Teclistamab Induces Durable Responses in Phase 1/2 MajesTEC-1 Trial in R/R Multiple Myeloma

Results from the phase 1/2 MajesTEC-1 trial highlighted sustained responses when teclistamab was used to treat patients with relapsed/refractory multiple myeloma who are triple refractory.

Patients with relapsed/refractory multiple myeloma who are triple refractory experienced long-lasting responses when treated with teclistamab, according to data from the phase 1/2 MajesTEC-1 trial (NCT03145181; NCT04557098) published in the New England Journal of Medicine.

The overall response rate (ORR) was 63.0% (95% CI, 55.2%-70.4%) and 39.4% of patients had a complete response (CR) or better. Patients had a median time to first response of 1.2 months, and the median time to best response was 3.8 months. The minimal residual disease–negativity rate for those who had a CR or better was 46%. The median follow-up was 14.1 months. Moreover, median duration of response was 18.4 months (95% CI, 14.9-not estimable), and median progression-free survival was 11.3 months (95% CI, 8.8-17.1).

A total of 165 patients enrolled and received 1.5 mg/kg of teclistamab. Overall, 42.4% of patients were continuing with treatment as of March 2022; patients had a median treatment duration of 8.5 months. Teclistamab treatment was given to 59.4% of patients for a minimum of 6 months and 47.9% were treated for at least 9 months. Patient characteristics were similar between the phase 1 and 2 studies.

Adverse effects (AEs) occurred in all patients, with 94.5% having grade 3/4 toxicities. During cycle 21, 1 patient had a dose reduction because of neutropenia, and 63.0% of patients skipped a dose of treatment due to toxicities. Discontinuation of teclistamab occurred in 2 patients because of AEs. The most common AEs were neutropenia (70.9%), anemia (52.1%), and thrombocytopenia (40.0%). Of those with neutropenia (n = 117), 91 patients were treated with granulocyte colony-stimulating factor therapy.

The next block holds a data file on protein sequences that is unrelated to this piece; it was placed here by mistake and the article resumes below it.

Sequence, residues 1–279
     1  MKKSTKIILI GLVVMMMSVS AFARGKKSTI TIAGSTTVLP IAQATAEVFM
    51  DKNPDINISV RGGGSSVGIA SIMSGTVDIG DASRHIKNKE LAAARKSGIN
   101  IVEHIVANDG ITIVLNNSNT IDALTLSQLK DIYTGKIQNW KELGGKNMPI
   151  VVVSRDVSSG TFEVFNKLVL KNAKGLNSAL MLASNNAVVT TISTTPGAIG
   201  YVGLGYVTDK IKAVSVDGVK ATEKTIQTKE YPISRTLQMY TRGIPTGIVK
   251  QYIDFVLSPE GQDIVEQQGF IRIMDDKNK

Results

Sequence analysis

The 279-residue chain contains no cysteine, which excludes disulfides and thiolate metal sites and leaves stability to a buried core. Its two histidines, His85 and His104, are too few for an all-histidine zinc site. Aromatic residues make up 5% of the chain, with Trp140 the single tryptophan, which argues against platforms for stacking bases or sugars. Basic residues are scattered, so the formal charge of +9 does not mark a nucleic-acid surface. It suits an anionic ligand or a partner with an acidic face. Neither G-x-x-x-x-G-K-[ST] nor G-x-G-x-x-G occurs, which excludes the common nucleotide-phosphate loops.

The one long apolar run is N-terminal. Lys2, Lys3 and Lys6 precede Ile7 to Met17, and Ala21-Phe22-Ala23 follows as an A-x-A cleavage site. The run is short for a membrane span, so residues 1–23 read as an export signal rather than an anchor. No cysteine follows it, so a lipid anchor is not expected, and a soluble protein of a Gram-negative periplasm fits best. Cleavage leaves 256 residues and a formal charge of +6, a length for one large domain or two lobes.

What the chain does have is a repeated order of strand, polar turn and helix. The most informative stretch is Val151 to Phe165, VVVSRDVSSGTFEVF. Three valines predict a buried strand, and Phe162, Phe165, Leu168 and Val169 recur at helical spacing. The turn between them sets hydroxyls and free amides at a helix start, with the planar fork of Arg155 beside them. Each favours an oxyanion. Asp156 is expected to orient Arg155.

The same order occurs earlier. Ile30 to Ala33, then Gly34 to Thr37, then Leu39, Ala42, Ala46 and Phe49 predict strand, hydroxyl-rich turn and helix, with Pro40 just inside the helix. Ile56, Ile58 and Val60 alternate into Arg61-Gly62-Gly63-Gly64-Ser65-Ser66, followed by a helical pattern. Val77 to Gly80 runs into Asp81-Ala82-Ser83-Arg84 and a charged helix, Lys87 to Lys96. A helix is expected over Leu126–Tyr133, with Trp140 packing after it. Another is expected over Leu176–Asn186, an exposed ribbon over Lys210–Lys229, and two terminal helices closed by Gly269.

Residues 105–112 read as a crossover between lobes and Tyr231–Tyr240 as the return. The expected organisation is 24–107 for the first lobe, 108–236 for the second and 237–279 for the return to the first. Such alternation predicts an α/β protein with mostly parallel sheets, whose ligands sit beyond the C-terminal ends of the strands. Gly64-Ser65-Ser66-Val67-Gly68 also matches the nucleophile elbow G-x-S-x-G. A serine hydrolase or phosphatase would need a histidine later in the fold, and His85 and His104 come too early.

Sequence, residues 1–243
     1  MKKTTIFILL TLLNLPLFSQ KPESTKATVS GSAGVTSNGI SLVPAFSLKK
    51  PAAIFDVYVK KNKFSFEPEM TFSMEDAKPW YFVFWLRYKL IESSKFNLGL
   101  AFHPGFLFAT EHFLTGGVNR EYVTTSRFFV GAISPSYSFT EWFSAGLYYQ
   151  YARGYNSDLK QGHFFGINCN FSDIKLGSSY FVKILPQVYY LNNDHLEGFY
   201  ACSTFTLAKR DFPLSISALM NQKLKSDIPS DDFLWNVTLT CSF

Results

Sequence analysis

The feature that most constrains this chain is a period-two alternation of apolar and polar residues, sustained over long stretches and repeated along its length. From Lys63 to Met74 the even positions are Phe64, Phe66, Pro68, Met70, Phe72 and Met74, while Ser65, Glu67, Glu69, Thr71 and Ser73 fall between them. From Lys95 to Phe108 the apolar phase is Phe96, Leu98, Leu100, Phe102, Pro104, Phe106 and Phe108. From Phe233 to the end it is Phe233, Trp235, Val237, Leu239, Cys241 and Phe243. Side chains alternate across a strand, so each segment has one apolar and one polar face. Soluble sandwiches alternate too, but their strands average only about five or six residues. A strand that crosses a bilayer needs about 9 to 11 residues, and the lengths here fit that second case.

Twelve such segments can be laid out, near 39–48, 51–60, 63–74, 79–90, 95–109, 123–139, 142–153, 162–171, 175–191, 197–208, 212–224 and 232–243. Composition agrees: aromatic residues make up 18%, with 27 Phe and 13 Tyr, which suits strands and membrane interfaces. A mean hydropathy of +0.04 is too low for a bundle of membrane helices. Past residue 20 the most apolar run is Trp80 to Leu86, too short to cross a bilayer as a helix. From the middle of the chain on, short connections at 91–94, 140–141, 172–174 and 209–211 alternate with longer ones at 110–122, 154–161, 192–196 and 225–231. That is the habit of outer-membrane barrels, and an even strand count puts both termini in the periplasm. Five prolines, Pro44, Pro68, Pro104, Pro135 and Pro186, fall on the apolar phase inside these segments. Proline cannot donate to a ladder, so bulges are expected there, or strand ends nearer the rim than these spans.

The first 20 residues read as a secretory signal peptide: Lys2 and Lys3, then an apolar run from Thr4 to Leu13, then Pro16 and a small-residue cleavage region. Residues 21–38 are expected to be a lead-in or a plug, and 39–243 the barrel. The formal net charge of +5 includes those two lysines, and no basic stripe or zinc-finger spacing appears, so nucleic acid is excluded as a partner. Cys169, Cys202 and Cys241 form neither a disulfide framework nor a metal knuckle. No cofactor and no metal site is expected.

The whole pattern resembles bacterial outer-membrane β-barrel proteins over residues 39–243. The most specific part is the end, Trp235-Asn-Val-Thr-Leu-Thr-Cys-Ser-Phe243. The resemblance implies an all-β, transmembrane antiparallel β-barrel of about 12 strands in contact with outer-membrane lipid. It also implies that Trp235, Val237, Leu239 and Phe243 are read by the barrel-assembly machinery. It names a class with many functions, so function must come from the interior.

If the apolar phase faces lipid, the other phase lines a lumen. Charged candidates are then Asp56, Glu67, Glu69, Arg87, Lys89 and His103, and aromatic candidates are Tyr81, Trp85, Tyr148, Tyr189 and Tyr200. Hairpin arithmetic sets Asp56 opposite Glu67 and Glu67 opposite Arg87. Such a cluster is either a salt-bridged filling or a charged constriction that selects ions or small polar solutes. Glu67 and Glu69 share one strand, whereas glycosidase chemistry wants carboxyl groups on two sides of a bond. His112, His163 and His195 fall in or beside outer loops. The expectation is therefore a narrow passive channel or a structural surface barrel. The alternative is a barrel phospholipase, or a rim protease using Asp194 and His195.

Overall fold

Infections occurred in 76.4% of patients, 44.8% of which were grade 3 or 4. A total of 123 patients experienced hypogammaglobulinemia, 65 of whom received intravenous immunoglobulin. Injection-site reactions were reported in 36.4% of patients, all of which were low grade.

Cytokine release syndrome (CRS) occurred in 72.1% of patients, with 3.6% having CRS during cycle 2 or later. The majority of CRS events were grade 1 or 2 and fully resolved with the exception of 1 grade 3 event that occurred in a patient with concurrent pneumonia; the event resolved within 2 days. The median onset to CRS was 2 days with a duration of 2 days. Supportive measures for CRS were given in 66.7% of patients and included tocilizumab (Actemra) treatment in 36.4%, low-flow oxygen in 12.7%, and glucocorticoids in 8.5%.

Neurotoxic effects were reported in 24 patients, most of which were low-grade grade with the exception of 1 grade 4 seizure in a patient with bacterial meningitis during cycle 7. Headache was described as the most frequent neurotoxicity and was related to teclistamab in 8.5% of patients. Nine events of immune effector cell–associated neurotoxicity occurred with 7 being concurrent with CRS; all events resolved without discontinuation or dose reduction. Within these patients, 4 received supportive treatment, such as tocilizumab (n = 3), dexamethasone (n = 3), levetiracetam (n = 2), and gabapentin (n = 1).


Moreau P, Garfall AL, van de Donk NWCJ, et al. Teclistamab in relapsed or refractory multiple myeloma. N Engl J Med. 2022;387(6):495-505. doi:10.1056/NEJMoa2203478